The Media in Scotland – a failure of capitalism?

A recent post by Wee Ginger Dug highlighted the terrible state of the media in Scotland.  The central thrust of the article is “that there is a breadth and depth of opinion in Scotland that our media is not reflecting.” The Ginger Dug primarily focuses on the issue of ownership of the media and how much of it is owned by companies based outwith Scotland. This is an important part of the problem and one that hopefully will be addressed once we become independent.  It is a very good article and well worth reading in full – here.

In this post however, I want to raise another aspect of the sorry state of our media. For it seems to me that the failure of any of our mainstream media outlets, whether print or broadcast, to meet the demand for pro-independence and Scotland centred commentary is a damming verdict on the state of capitalism in Scotland.  The print side of the media is in a bit of a turmoil with declining sales. Still there is money to be made from newspaper publishing, otherwise why are there so many titles?  And of course, part of the reason for the decline in Scotland may well be that all the newspapers consciously, at best, neglect a large part of their potential readership, and at worst, positively denigrate this potential readership. Not the best way to go about increasing sales and making money. This applies equally to STV which seems to have missed a great opportunity here, given that the BBC is so skewed in its support of the UK.

The potential is definitely there. As a rock bottom minimum, at least 33% of the population of Scotland are solidly in favour of independence. In addition there is the large number of people who are attracted to the idea of devo max or full scale federalism.  Many of this group have already switched to supporting independence. The key point is that there is a sizeable market of up to half the population who are likely to be interested in a newspaper which took a positive view of Scotland and offered a genuine platform for those in favour of independence.  So why has nobody tried to take advantage of this marketing opportunity?  Is this not what capitalism and the free market supposed to be about – making money by offering a product to meet a clearly expressed demand?  The demand is there, witness not just the polls, but the incredible rise in online pro-independence blogs.

Such complete failure can only be a regarded as a failure of capitalism. What kind of capitalist is it that foregoes a clear chance to make money?  It would of course be good to have some newspapers owned by people committed to an independent Scotland. However capitalists didn’t get rich by a commitment to anything other than making money, and lots of it. It is all a bit of a mystery to me. The one positive note is that this failure is proof positive that the so called free market in the media does not work.  This provides firm ground for an independent Scotland to rewrite the rules governing ownership. So that finally we get a media which reflects the diversity of political outlook within the country.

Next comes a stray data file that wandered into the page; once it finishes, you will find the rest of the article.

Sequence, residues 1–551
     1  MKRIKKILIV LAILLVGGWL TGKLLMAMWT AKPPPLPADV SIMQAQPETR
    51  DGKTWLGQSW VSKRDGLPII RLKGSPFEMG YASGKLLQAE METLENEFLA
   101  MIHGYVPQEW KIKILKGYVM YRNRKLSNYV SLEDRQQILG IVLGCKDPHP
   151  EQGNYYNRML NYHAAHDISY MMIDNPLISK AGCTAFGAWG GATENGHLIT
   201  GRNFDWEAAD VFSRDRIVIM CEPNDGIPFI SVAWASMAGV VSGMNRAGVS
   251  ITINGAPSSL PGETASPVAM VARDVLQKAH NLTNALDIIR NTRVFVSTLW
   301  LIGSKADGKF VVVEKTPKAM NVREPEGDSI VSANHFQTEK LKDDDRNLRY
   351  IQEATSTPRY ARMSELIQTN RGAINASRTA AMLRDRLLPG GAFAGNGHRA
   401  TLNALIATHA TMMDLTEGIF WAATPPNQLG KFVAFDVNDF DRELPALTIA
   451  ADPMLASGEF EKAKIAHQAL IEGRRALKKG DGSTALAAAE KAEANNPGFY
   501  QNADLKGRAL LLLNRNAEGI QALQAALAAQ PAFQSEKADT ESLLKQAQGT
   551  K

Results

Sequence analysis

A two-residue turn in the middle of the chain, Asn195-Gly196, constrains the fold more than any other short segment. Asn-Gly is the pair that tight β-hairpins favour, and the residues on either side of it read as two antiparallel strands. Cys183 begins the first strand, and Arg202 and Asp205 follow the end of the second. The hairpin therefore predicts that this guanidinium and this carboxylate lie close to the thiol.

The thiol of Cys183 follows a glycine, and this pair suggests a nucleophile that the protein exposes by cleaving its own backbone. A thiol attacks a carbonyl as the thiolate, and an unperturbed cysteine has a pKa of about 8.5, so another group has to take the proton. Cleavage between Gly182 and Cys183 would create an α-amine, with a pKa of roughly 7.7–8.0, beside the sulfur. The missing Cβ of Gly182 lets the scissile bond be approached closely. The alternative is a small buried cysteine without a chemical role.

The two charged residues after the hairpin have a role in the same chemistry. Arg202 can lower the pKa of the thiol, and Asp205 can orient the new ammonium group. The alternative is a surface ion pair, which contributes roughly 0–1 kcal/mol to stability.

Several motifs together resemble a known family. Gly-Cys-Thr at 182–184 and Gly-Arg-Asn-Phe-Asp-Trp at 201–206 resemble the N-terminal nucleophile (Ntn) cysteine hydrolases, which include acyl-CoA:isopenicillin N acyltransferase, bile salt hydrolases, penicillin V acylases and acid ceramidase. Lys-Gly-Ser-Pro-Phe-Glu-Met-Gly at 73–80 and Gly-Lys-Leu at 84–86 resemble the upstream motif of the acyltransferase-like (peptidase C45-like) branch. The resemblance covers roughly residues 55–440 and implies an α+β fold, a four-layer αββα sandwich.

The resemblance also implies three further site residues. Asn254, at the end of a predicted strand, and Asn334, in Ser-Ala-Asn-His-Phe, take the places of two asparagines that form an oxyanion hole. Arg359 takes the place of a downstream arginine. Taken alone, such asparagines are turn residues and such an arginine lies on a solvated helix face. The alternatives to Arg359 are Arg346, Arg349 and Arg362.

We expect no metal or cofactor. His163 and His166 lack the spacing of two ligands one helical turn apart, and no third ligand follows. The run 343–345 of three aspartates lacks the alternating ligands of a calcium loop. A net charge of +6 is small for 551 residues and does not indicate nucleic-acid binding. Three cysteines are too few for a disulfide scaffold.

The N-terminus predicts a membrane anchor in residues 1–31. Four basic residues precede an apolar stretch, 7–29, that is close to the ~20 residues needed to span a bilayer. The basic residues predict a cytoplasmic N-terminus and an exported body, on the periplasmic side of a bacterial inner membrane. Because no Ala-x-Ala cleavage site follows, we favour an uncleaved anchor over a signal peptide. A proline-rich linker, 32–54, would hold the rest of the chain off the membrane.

Filed under Scotland

2 responses to “The Media in Scotland – a failure of capitalism?

  1. Rab o' Ruglen

    Hi Alister,

    I think perhaps you have missed the point in this article. In my opinion ownership of the print media has never just been about making money, otherwise as you suggest we would have long-established Green newspapers and pro-Independence newspapers, to name but two, and no Tory newspapers in Scotland. It is about influence and projecting the owners’ opinions, and interests (in the broadest sense of the word) pure and simple. Some owners seem prepared to put up with extraordinary levels of losses to maintain this perceived influence.

    All of which presents a newly-Independent Scotland with a dilemma, since I think it unlikely that the current crop of proprietors will want to change the attitude of their titles towards Independence, and yet the State will not surely allow this external interference, indeed what might come to be seen as subversion, to continue as at present.

    What to do?

    Any thoughts?


    • I have no off the shelf answers to this. I wrote the post partly to highlight that media ownership isn’t really about just making money, hence the claim that it is a failure of capitalism. More to the point it is a massive failure of the whole idea of a free market. Free, that is in the sense of relatively easy for newcomers to enter. The media is a very distorted market and as such should provide a sound base both in law and politically for parliament to introduce corrective legislation. What this might look like is alas, a bit beyond my limited knowledge.

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